In David Vandrunen's book Bioethics and the Christian Life, he discusses the virtures needed to properly evaluate and make decisions with regard to bioethical matters. Whether it is a question of practicing particular forms of birth control or whether or not we will allow extreme measures to sustain life for a dying parent, these are issues that are not too high above us. They are intensely practical for us.
The virtues Vandrunen discusses are faith, love, hope, courage, contentment, and wisdom.
In the context of wisdom, he points out that wisdom is crucial for all aspects of life, but especially for bioethical decisions, specifically because it demands we look at details:
Wisdom is relevant for every part of our lives, but it has a special relevance in bioethical decision making. In few areas of contemporary life is it more obvious than in bioethics that Scripture does not provide a specific answer to every moral problem... about in vitro fertilization, cloning, stem cells, ventilators, and feeding tubes, Scripture says not a word. The doctrines, rules, and virtues commended in Scripture must be applied to circumstances unknown to the biblical writers, and without a great measure of wisdom bioethics will remain a murky endeavor. In addition, bioethical decisions require a great deal of attention to particular circumstances. Biblical wisdom trains us to observe details, recognizing that a small change in circumstance may require a significant change in response.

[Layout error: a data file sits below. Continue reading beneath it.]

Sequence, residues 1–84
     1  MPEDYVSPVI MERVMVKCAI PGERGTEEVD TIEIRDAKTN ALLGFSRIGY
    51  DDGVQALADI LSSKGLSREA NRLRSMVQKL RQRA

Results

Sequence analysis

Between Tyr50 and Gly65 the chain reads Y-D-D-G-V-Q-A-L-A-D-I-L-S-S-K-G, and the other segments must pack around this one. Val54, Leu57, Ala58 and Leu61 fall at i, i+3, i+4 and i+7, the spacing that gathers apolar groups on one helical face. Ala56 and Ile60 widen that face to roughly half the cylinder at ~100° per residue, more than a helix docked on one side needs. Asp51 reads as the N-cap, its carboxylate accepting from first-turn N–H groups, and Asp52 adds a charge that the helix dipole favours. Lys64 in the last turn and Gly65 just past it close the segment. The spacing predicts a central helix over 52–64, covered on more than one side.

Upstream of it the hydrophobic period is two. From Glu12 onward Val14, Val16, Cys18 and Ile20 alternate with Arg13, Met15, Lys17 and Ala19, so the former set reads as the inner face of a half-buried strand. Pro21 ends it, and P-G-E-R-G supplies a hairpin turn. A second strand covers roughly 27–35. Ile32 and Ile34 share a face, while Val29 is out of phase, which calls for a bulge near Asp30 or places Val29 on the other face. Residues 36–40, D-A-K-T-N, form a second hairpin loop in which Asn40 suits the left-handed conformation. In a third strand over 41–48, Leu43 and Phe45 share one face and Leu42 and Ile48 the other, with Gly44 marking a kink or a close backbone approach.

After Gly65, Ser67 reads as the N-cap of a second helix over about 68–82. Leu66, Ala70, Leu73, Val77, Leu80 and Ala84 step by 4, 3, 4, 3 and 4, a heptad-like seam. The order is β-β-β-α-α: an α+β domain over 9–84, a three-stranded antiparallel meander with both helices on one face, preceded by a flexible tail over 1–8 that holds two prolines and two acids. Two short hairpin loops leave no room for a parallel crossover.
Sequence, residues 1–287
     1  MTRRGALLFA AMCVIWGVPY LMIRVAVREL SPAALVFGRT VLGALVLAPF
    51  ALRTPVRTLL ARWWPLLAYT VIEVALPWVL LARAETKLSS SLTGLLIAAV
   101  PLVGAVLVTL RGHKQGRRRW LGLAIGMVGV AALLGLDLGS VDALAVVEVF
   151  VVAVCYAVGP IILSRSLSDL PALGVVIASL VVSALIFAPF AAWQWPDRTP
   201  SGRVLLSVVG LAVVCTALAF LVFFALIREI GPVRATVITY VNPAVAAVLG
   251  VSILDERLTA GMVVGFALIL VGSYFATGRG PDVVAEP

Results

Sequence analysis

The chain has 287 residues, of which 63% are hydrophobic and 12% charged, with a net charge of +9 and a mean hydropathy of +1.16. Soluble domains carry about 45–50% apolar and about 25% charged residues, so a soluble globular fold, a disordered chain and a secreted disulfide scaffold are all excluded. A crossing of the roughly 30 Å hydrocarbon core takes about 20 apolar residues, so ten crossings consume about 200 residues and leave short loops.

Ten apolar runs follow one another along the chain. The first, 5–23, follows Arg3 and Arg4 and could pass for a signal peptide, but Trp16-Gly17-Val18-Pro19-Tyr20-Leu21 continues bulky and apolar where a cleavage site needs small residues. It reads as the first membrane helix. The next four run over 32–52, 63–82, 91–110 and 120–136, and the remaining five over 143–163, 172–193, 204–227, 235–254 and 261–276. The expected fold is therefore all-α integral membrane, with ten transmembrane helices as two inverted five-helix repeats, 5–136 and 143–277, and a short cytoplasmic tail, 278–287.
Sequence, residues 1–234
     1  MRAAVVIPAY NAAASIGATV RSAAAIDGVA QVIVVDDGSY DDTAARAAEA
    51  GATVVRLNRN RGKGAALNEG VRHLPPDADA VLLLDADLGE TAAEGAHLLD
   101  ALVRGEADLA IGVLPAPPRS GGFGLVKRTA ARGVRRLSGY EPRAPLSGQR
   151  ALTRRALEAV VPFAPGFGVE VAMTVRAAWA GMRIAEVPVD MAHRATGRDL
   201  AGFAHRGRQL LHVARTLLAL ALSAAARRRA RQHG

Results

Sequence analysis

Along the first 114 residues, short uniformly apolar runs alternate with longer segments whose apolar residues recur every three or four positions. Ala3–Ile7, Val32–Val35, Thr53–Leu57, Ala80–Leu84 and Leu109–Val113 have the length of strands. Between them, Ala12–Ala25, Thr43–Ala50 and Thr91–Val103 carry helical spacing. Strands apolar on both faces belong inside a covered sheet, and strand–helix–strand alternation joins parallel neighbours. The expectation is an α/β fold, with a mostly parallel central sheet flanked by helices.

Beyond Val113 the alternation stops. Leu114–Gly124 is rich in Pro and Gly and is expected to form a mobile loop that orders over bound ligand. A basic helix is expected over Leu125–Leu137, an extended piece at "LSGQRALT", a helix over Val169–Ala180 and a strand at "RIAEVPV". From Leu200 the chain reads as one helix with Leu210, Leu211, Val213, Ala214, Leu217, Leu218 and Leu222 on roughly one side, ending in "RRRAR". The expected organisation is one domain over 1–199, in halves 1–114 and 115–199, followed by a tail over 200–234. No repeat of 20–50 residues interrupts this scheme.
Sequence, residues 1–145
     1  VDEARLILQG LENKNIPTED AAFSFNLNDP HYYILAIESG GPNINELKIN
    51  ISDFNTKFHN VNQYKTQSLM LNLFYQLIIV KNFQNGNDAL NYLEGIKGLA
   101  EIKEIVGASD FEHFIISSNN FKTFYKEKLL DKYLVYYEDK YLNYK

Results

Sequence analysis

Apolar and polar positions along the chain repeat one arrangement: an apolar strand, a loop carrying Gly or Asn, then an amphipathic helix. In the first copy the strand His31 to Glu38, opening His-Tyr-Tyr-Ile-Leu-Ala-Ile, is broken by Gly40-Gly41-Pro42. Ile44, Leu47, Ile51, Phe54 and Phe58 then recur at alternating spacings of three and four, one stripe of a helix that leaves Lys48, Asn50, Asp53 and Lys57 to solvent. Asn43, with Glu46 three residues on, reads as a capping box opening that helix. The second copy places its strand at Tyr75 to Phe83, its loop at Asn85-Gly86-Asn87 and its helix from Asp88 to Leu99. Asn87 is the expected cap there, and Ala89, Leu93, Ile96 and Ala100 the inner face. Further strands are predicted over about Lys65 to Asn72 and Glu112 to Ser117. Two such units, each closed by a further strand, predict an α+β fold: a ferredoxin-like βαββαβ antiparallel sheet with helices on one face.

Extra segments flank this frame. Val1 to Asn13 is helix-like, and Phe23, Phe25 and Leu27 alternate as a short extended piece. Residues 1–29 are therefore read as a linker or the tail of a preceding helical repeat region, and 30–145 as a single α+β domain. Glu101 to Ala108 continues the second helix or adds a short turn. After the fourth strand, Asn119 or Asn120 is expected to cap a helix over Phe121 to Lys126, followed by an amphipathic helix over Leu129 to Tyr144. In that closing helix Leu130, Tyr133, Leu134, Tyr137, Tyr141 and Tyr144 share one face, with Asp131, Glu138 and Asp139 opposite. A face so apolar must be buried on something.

Sifting through details take work, and sometimes evaluating them means a great deal of thought must be given. Have you ever noticed that some of the wisest people you know say the least and think the most? Have you ever noticed that the wisest people you know ask more questions than give answers? My husband often asks more questions of me than he provides answers. Wisdom isn't something that just falls out of the sky; it has to be cultivated through careful thought and prayer.
Wisdom is required for all of life, but as we continue to face challenging bioethical issues, in the public square as well as in our own personal lives, we need it even more.